life is really the hardest exam ever..,everyone ought to tackle his or her own life differently since we all have varying abilities…these stories have given me ago ahead in life despite the many challenges that i have undergone.I sure have a future as everyone else depending on how i handle life and every situation that comes my way.Lets all remember that everything always has a purpose in this world….LETS ALL BE HAPPY AND JOVIAL ALWAYS FOR LIFE IS SHORT!!!!!!!!!!!! Thanks for the stories.
Identify your narrator’s desire line. In your memoir, your narrator is you. You will use the first person, “I”, to lead the reader through your story. But it’s important to focus your memoir on specific need or desire. Your want will drive the food forward and make your story worth reading. Think about your desire line, or what motivates your narrator to tell her story. Your narrator will then struggle to achieve her desire line through telling her story and reaching a realization about a pivotal moment in her story.[3]
How you can see that, writing an autobiography is not a piece of cake. You should plan your time, read and get inspired from books, and search for information about writing styles and grammar. Don’t forget to figure out your final destination and why you need to write an autobiography. All of thus titanic-sized work will end with a great treasure – your own autobiography. Hopefully, our information will help you on this interesting but hard path. So, pick a pen or open your laptop and start your masterpiece. We wish you lots of inspiration and easy writing!
We told you how to start. When you get through that point, it will be easier to continue. You will follow the plan and you’ll keep developing it. At one moment, you may even notice that the words are pouring themselves out. You’re finally expressing the things you’ve been carrying inside for so long. That may be a torturing process, but it’s also liberating in a strange way.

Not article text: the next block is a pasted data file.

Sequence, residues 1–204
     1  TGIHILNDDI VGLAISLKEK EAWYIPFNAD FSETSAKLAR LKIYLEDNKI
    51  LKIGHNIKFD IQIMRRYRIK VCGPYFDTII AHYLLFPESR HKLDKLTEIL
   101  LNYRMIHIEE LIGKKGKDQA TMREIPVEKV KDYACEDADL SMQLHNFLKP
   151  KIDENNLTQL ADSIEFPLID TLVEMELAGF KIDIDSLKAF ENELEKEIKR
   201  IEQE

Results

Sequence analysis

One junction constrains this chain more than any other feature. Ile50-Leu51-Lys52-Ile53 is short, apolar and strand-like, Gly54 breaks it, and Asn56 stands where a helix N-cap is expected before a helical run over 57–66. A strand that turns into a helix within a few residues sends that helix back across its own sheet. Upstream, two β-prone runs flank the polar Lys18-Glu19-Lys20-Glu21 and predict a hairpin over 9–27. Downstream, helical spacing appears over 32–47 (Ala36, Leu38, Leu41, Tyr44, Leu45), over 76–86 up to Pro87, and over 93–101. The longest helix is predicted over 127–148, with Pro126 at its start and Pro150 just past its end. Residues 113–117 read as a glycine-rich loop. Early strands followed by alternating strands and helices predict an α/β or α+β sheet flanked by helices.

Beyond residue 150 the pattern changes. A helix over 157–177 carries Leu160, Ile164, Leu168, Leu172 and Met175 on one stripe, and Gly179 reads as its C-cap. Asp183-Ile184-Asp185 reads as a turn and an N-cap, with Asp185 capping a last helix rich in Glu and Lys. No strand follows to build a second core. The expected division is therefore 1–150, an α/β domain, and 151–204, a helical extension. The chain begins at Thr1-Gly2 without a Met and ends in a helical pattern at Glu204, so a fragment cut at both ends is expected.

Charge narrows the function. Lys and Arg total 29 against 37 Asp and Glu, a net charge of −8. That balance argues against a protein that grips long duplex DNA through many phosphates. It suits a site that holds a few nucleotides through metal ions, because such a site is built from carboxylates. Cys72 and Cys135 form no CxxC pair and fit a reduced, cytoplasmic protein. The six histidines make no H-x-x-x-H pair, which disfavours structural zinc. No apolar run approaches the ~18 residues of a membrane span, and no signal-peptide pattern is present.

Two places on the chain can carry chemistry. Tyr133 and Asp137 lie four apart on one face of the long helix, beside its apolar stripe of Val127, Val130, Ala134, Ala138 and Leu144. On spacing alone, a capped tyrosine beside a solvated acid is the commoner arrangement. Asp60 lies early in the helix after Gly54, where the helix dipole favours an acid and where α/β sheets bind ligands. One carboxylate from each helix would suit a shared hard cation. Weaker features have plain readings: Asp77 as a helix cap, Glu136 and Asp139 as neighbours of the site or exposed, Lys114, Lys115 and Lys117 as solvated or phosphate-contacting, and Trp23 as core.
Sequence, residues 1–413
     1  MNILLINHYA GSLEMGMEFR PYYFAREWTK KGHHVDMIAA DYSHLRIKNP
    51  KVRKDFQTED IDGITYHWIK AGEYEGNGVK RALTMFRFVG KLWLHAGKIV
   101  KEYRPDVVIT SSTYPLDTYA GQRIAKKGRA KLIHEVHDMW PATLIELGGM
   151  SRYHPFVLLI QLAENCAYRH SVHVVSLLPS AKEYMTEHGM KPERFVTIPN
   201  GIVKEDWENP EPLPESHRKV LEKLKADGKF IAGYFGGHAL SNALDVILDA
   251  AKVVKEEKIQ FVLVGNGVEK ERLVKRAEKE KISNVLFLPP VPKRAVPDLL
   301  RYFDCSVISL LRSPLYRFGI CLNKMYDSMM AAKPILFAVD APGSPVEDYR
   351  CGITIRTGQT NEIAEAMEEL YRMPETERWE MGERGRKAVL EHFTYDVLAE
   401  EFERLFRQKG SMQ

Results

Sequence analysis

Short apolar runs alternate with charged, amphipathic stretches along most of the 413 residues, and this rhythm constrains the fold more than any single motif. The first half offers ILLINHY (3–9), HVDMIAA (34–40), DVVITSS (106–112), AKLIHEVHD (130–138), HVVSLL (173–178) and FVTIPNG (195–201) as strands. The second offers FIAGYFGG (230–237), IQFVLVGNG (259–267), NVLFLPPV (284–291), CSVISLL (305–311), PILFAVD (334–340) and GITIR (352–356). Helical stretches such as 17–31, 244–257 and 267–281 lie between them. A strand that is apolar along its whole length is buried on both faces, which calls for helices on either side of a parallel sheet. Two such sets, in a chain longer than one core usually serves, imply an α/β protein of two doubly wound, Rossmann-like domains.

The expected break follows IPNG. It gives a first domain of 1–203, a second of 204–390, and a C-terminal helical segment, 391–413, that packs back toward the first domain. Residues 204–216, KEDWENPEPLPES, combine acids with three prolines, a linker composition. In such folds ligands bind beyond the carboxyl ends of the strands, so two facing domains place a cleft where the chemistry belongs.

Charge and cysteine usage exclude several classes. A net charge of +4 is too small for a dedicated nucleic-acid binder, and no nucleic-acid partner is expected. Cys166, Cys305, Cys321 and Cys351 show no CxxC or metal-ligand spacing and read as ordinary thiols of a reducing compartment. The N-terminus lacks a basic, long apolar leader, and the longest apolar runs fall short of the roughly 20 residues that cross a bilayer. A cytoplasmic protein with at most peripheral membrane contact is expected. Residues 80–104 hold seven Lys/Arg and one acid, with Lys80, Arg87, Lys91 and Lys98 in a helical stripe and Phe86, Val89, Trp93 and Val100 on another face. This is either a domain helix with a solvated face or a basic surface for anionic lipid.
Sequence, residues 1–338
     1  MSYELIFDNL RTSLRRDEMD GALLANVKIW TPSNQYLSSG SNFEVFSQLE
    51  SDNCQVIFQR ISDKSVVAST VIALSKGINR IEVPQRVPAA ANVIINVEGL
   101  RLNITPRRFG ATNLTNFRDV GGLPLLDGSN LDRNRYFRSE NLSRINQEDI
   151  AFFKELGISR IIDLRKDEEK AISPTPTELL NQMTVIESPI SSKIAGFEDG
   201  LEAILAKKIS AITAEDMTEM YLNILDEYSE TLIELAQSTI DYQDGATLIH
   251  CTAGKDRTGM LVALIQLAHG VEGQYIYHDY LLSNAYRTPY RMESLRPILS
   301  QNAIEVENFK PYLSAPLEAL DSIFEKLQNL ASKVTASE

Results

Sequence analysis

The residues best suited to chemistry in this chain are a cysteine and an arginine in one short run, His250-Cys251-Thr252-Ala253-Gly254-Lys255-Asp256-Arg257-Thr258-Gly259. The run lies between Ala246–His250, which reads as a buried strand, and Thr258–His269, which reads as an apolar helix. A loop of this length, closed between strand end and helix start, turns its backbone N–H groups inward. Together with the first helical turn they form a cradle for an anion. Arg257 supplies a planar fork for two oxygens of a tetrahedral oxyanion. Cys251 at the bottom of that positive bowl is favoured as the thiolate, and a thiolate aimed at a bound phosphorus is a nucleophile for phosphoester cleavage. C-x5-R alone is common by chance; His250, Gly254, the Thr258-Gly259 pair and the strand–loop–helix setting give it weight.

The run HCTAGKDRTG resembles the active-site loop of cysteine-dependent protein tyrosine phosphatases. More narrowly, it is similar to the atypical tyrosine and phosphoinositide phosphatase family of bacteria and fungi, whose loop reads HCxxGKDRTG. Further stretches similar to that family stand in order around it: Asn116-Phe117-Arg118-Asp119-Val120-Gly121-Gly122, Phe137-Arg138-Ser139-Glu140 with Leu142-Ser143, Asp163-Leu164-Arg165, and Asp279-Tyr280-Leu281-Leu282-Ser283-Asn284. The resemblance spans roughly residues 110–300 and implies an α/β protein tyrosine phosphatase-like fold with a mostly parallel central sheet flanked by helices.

Limit it to 15 minutes, no more – at least at first. Fifteen minutes, three times a week, always at the same time and always in the same place. Stay there for all 15 minutes even if you can’t think of anything to write.  This will set up a rhythm, in the same way we get hungry at mealtimes whether or not we’re really hungry. This isn’t just about finding time to write your life story.


What were the narrator’s desires in the memoir? What was motivating the narrator to share this particular story with the reader? Often, memoirs can be cathartic for the writer. Perhaps the writer was trying to process a year of grieving and loss, as Didion does in The Year of Magical Thinking, or perhaps the writer was trying to describe a childhood in a concentration camp, as Spiegelman does in his memoir Maus. Consider the motivations of the writer for putting down their story and presenting it to readers.
Develop a central theme, main idea or thesis that clearly explains the purpose behind your autobiography. For example, your theme might be about how you overcame obstacles to become a stronger person, or it might explain why a particular passion -- such as mountain climbing or rescuing animals -- is so important to you. Back your theme with details and background information about your life experiences. For example, you might explain that your dad is in the military, so you've had to learn how to adapt quickly to new schools and unfamiliar environments. Or, you might discuss what it was like growing up in a poor, single-parent home, but how your family was always willing to take in injured or stray pets.